City may lose out on billions because of offshore companies: experts
Toh Han Shih and Tanna Chong
The widespread practice of registering companies overseas by Hong Kong's richest, most powerful people raises questions about their corporate governance, transparency and the possibility that the city may be losing out on billions in city tax revenues, according to experts on corporate finance.
They were reacting to the release of data collected by the non-profit International Consortium of Investigative Journalists (ICIJ) showing that Hong Kong residents held stakes or directorships in more than 14,500 offshore companies, the vast majority in the British Virgin Islands (BVI), as of 2010.
For example, Henry Cheng Kar-shun, chairman of the Hong Kong conglomerate New World Development, is a director of at least 110 offshore companies, according to the documents.
Richard Li Tzar-kai, the youngest son of Hong Kong's richest man Li Ka-shing, is a shareholder in at least 15 offshore companies and director of at least 28, the ICIJ data reveals.
Cheng could not be reached for comment. A spokeswoman at Cheung Kong Infrastructure, the Hong Kong-listed infrastructure firm controlled by Li Ka-shing, said: "All our companies fully comply with regulatory, tax and legal requirements of the countries in which they operate."
A spokesman for Richard Li had no immediate comment.
Registering a company offshore is legal and hundreds of thousands of people have registered countless companies in the British Virgin Islands. But because it is difficult to trace the ownership of companies in the islands, individuals may register there to avoid paying taxes or to conceal business activities, said Hugo Williamson, managing director of the Risk Resolution Group, a London consultancy.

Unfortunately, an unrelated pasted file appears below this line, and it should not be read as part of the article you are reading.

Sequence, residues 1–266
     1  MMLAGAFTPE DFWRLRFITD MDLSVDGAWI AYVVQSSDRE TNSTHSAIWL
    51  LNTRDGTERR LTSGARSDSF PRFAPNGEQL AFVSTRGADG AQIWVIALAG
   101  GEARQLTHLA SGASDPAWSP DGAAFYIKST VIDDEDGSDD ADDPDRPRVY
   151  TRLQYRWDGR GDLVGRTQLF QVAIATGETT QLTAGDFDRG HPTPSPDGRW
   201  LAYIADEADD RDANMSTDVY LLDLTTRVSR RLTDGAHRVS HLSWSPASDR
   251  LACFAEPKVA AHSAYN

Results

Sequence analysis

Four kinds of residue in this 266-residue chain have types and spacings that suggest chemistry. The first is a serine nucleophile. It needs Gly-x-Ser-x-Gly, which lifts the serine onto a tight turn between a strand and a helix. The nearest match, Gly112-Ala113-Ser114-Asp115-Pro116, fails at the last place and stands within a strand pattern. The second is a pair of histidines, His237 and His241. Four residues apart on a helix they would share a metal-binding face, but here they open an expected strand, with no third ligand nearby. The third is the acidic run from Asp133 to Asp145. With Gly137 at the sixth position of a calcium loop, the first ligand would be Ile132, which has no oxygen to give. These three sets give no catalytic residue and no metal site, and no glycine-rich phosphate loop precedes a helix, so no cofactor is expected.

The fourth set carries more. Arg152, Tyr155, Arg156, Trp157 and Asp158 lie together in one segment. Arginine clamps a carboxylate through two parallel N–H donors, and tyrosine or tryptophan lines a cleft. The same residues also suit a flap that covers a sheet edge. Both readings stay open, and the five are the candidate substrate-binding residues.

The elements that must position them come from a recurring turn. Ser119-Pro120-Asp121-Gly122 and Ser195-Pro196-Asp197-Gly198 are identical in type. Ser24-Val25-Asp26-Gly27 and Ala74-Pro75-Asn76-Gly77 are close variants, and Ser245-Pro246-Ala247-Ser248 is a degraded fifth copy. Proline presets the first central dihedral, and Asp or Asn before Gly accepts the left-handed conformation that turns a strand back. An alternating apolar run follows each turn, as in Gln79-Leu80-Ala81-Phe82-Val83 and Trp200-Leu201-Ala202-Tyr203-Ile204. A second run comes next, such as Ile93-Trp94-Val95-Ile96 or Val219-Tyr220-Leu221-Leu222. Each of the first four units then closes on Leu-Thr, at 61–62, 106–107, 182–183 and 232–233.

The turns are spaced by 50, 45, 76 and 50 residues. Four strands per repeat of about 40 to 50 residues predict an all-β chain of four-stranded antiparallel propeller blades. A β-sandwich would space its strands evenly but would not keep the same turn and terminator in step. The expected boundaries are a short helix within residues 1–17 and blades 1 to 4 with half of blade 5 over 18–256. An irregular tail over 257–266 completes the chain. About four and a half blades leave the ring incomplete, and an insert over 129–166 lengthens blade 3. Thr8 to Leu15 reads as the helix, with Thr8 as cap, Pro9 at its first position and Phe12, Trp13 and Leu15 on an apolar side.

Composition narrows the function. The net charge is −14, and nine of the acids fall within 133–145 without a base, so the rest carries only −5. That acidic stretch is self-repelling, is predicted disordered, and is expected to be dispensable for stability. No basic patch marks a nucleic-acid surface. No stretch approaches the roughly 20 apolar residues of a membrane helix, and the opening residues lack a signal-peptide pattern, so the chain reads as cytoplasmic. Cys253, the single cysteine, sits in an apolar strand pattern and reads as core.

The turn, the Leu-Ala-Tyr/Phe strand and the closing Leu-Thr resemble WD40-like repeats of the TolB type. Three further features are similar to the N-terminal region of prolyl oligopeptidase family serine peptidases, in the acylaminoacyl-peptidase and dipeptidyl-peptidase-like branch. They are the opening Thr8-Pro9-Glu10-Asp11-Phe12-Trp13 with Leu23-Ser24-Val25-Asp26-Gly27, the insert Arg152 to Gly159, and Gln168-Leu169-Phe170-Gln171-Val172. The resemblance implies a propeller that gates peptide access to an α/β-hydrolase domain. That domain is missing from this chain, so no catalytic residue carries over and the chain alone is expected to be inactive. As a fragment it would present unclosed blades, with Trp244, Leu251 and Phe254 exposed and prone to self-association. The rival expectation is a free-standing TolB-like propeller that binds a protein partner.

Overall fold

"It is often the case that corporate ownerships end up being held by seemingly small and often innocuously named BVI entities, whose apparent scale and limited profile belie the substantial stake and control they have, while concealing the identities of who lies behind them," Williamson said. The US government has indicated that business ties to British Virgin Islands entities raises suspicions.
The Justice Department and Securities and Exchange Commission "hold the position that conducting business in or through suspect jurisdictions may be a red flag, including notoriously opaque banking jurisdictions like the British Virgin Islands and corruption-prone countries", said a report by law firm Hughes Hubbard & Reed.
Accounting lawmaker Kenneth Leung said that although offshore ownership did not equate with misconduct, the large number of offshore companies in the ICIJ documents could indicate that the city's public coffers had lost billions of Hong Kong dollars in stamp duty, taxes levied on property transactions.
According to Hong Kong court documents, at least two companies have registered overseas to avoid paying stamp duty.
In the late 1990s, Sun Hung Kai Properties and Swire Properties registered a company in the BVI, Calm Seas Developments, to avoid paying HK$349.65 million in stamp duty for a property in Tseung Kwan O.
Sun Hung Kai and Swire's lawyers argued that the purchase was not subject to Hong Kong stamp duty because Calm Seas was not based in Hong Kong.
After a four-year battle, the Court of Final Appeal ruled in 2003 that Swire Properties and Sun Hung Kai owed the Hong Kong government HK$349.65 million in stamp duty for the project. A Sun Hung Kai Properties spokesman said it is widespread practice in Hong Kong's property market to register offshore companies to conduct property transactions.
Leung said companies should not be allowed to avoid paying stamp duty by registering companies overseas. He has told officials there should be specific disclosure requirements for offshore companies that own Hong Kong properties.
As of the end of last year there were nine Cayman Islands companies bearing the name "Li Ka-shing" on the list of Restricted Trust Licensees of Cayman Islands, another offshore haven, according to the Cayman Islands Monetary Authority.